The Media Mourns Six Day War Anniversary
Typical was the New York Times, which ignored the anniversary completely in its news pages and ran an op-ed piece by left-wing Israel historian Tom Segev. In an exercise of ridiculous Monday morning quarterbacking, Segev suggests that Israel admits that Jordan attacked West Jerusalem. But Israel, he argues, should have responded by simply "struck back at the Jordanian army" and then daintily withdrew.
Using the same retroactive reasoning, Segev says that somehow this would have spared the West Bank of its subsequent Islamic fanaticism--as if a show of weakness ever quelled Arab public opinion.
The French AFP news agency highlighted, of course, a protest by the microscopic Israeli antiwar movement. A typical line:" Several hundred hardline settlers currently live in the city [of Hebron] under army protection, often clashing with their 170,000 Palestinian neighbours." "Clashing with" is media-speak for "being attacked by."
Another AFP story quoted PA president Abbas as saying that a Palestinian state would reverse the '67 war defeat, which is certainly true as it would mean the end of Israel.
"Despite all the difficulties, however, our revolt was equal to this defeat, the memory of which we hope will be erased by ending the occupation of Arab and Palestinian territory and by establishing our independent state," the "moderate" Abbas was quoted as saying.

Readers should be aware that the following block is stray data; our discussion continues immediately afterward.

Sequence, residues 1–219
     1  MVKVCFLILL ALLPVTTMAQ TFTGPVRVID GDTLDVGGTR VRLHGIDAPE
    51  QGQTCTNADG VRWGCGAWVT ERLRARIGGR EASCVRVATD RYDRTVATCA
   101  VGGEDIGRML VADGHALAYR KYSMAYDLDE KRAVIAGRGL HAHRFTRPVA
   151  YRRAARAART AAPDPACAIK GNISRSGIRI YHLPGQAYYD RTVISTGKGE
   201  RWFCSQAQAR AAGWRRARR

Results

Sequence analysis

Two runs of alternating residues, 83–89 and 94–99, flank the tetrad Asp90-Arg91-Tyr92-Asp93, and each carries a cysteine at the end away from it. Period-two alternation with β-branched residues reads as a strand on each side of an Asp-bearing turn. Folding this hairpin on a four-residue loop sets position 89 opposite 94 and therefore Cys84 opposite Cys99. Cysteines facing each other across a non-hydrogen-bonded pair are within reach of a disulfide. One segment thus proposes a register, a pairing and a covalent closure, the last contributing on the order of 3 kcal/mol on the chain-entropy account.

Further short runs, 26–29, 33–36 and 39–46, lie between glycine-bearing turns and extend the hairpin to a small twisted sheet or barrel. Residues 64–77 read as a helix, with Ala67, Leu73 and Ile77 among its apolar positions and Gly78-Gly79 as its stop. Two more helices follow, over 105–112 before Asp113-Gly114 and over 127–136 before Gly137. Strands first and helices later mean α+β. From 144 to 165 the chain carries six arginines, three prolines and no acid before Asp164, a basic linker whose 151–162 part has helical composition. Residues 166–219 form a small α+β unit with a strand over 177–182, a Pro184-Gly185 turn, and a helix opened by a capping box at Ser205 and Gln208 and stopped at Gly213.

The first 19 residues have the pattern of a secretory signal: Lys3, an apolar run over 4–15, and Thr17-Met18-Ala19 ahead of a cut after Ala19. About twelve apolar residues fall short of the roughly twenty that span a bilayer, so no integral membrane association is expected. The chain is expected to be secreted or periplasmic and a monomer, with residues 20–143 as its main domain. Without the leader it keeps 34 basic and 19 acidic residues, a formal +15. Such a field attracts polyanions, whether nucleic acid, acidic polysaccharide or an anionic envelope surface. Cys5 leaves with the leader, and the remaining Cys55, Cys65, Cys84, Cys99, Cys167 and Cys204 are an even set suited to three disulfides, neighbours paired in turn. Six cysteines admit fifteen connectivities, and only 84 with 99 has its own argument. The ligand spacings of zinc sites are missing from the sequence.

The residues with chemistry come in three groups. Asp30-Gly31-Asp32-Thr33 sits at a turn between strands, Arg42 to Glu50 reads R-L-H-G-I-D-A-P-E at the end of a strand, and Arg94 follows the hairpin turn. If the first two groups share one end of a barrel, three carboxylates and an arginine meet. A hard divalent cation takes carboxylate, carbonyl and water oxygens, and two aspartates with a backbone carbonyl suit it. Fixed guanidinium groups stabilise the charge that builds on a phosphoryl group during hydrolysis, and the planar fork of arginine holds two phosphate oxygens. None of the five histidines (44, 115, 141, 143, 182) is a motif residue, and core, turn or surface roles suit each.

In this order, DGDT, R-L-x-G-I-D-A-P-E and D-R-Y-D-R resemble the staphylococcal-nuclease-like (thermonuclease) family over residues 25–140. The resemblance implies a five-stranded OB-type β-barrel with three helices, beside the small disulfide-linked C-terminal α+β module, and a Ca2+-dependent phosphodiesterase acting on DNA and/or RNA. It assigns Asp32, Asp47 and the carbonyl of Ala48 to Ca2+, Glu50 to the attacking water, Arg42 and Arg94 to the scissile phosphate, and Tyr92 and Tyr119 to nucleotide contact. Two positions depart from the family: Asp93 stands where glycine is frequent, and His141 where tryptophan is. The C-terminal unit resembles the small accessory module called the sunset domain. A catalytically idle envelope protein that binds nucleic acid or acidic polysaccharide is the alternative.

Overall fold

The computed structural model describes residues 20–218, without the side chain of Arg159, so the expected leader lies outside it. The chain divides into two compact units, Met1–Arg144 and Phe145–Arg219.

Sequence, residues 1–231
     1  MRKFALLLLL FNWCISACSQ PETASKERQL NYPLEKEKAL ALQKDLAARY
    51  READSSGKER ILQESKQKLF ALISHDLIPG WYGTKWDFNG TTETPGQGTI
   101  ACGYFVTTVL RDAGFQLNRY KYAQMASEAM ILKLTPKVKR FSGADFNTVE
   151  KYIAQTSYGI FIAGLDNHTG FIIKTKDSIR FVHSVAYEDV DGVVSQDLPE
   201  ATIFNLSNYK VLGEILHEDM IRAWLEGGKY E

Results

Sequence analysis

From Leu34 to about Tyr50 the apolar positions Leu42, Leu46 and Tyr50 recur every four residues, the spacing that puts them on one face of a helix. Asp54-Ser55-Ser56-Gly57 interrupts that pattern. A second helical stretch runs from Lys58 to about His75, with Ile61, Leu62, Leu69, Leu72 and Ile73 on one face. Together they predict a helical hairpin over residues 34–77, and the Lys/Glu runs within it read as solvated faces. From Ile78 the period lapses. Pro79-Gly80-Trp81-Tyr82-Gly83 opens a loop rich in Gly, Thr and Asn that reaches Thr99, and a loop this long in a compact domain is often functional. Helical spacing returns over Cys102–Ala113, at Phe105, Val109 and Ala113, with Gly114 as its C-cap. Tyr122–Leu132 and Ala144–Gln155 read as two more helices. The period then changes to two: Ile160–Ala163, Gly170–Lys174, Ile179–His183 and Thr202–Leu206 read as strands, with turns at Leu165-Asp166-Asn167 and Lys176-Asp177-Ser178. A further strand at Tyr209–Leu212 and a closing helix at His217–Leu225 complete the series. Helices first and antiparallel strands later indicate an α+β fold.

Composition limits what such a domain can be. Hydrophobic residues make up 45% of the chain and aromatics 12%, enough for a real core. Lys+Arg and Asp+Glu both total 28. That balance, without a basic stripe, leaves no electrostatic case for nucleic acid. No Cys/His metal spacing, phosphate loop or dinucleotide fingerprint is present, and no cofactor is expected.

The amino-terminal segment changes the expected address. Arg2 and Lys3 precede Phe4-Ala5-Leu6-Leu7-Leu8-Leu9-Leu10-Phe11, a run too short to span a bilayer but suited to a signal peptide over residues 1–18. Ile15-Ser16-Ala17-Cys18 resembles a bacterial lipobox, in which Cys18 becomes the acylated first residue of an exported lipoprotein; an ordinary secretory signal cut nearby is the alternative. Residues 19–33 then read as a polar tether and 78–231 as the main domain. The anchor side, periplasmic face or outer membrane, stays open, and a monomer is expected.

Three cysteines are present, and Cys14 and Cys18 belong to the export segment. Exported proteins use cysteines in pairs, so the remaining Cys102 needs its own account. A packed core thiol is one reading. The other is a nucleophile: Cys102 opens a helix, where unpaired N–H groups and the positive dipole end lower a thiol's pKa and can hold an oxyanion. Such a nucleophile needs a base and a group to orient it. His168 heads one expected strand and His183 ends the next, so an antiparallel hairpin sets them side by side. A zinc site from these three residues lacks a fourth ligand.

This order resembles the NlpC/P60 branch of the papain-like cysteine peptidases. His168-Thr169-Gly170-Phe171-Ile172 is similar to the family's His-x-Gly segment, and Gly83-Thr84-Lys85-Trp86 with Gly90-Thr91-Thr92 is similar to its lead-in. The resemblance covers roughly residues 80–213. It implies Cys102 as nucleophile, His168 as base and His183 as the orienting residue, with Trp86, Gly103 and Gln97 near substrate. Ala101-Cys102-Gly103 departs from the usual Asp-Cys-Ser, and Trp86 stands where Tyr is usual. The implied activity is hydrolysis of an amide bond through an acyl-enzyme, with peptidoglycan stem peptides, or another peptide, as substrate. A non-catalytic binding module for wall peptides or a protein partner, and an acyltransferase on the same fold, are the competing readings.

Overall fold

The BBC sounded the same note from the first paragraph: "Israeli and Palestinian peace activists have been holding protests to mark 40 years since the 1967 Arab-Israeli war."
Amid all the hand-wringing came the Jerusalem Post, quoting historian Michael Oren on new evidence showing that the Arab armies intended to destroy Israel.
In an interview on the eve of the 40th anniversary of the outbreak of war on June 5, 1967, Oren said his research of documents in Arab countries had revealed clearly that the Arabs had planned to destroy Israel.Be sure to go to the Jerusalem Post website and read this. You can bet the mainstream media won't pick up on it.
Although this seems obvious to Israel sympathizers who hold to the traditional story of the Arabs' responsibility for the outbreak of war, the intervening decades have seen the promulgation of a myth that Israel was not really in danger.
"The biggest myth going is that somehow there was not a real and immediate Arab threat, that somehow Israel could have negotiated itself outside the crisis of 1967, and that it wasn't facing an existential threat, or facing any threat at all," said Oren, who is a senior fellow at the Adelson Institute for Strategic Studies at Jerusalem's Shalem Center and author of Six Days of War: June 1967. He noted that this was the premise of Tom Segev's book, 1967: Israel, the War and the Year That Transformed the Middle East. "What's remarkable is that all the people alleging this - not one of them is working from Arabic sources. It's quite extraordinary when you think about it. It's almost as if Israel were living in a universe by itself. It's a deeply solipsistic approach to Middle East history."